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Bridge over Cauvery

Karnataka, Tamil Nadu miss the big picture as they spar over building more dams over a depleted river.

By: Express News Service |
Updated: May 2, 2015 12:00:06 am

Karnataka’s insistence on building two more dams on the Cauvery could lead to a showdown with Tamil Nadu. Political mobilisations have begun in both states for and against the dam. On Thursday, an all-party delegation from Karnataka led by Chief Minister Siddaramaiah met Prime Minister Narendra Modi to argue the state’s case and seek the Centre’s help in building the dam. Earlier this week, an all-party team from Tamil Nadu had met the PM to impress that state’s viewpoint. Bandhs have been observed in both states in the past few weeks on the issue.

Tamil Nadu is justifiably apprehensive that the proposed dams at Mekedatu, close to the state border, would impact the flow into the Mettur Dam, the state’s main storage system from which waters are channelised to the fields of the Cauvery delta downstream. Karnataka’s stance — that it need not address Tamil Nadu’s concerns since the dams will come up in its territory — appears both insensitive and impractical.

Both states need to talk it out, and now. States should not conceive dam projects unilaterally and the needs of the entire river basin must be taken into consideration when they are planned. Political parties in Karnataka and Tamil Nadu also need to reconsider their strategy of working up subnationalist mobilisations over river projects. With early predictions indicating a weak monsoon, creating a scare scenario over water is best avoided.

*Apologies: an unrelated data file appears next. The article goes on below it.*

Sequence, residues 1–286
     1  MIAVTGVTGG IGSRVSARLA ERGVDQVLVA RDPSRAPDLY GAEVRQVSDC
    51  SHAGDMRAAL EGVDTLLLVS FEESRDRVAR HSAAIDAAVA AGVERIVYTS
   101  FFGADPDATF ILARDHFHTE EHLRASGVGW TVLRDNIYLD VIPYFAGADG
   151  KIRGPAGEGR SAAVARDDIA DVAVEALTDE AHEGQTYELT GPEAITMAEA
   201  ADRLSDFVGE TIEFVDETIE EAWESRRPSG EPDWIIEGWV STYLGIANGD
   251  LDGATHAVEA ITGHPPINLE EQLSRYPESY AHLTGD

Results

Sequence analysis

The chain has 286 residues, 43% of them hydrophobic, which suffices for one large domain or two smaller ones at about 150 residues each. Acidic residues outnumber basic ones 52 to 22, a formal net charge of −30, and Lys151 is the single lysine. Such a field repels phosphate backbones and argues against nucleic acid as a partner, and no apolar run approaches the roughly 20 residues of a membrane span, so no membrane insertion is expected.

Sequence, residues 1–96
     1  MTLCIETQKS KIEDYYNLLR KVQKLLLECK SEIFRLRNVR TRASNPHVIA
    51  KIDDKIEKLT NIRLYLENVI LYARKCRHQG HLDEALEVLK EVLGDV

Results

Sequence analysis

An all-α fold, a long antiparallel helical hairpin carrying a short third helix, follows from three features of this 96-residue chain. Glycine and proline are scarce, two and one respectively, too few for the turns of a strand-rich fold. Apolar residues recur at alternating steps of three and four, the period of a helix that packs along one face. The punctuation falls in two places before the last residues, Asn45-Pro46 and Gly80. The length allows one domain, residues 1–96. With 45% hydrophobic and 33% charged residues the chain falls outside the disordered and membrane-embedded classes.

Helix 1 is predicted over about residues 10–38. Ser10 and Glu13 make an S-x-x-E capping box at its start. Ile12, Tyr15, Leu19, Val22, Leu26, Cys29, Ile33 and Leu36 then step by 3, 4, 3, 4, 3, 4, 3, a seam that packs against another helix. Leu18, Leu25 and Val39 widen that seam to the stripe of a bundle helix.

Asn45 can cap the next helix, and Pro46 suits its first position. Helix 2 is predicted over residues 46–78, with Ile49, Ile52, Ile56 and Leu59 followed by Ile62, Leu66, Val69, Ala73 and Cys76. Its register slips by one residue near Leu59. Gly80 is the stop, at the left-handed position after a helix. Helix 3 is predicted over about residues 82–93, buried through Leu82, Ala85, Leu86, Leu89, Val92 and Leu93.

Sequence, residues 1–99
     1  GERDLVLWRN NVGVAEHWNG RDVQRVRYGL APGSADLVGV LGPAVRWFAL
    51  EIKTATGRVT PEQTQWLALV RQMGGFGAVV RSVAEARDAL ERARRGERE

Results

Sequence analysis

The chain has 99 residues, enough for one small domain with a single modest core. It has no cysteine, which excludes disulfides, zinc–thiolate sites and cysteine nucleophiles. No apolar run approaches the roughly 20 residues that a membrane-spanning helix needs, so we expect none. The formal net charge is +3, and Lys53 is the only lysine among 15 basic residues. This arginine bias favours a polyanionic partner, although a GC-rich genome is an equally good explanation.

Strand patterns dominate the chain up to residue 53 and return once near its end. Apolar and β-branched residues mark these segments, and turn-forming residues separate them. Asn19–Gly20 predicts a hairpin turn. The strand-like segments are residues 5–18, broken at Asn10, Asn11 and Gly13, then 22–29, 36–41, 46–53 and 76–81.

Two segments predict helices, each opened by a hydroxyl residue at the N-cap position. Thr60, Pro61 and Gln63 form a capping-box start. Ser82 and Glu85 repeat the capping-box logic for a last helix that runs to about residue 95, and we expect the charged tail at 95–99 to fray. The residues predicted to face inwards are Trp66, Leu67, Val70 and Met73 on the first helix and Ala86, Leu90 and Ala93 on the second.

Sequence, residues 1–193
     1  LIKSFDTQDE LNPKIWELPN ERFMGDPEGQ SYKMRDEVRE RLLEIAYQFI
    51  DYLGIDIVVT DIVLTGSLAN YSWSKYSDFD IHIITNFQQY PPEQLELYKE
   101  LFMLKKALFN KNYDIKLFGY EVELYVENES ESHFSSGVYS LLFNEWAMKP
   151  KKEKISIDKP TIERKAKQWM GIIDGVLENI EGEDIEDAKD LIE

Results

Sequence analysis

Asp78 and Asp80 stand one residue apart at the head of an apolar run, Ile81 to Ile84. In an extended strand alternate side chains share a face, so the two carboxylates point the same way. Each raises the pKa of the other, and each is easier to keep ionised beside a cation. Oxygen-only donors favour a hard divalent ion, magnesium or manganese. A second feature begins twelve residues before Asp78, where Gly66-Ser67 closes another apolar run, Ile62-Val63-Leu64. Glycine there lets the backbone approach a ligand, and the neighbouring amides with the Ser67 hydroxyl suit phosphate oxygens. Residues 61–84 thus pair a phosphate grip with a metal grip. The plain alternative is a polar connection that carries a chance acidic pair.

The Cauvery waters have been a bone of contention for the four southern states — Karnataka, Tamil Nadu, Kerala and Puducherry — that fall in the river’s basin. Though the Centre has notified the Cauvery Water Disputes Tribunal award on each state’s share of the river, both Karnataka and Tamil Nadu have challenged the allocation. Both states want more water, but the question is: Can the river satisfy the need — or greed — of two states? The 765 km-long river has been exploited to the hilt across its length, so much so that it has been reduced to a patchwork of shallow outlets at its mouth. The cultivated area fed by the Cauvery — most of it under water-intensive crops like paddy and sugarcane — has been expanding, stretching the river’s resources. Better water management and more judicious selection of crops could help conserve the scarce water. The Cauvery is a living ecosystem and must be managed as such. Or else, it could slowly die.

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First published on: 02-05-2015 at 12:00:02 am
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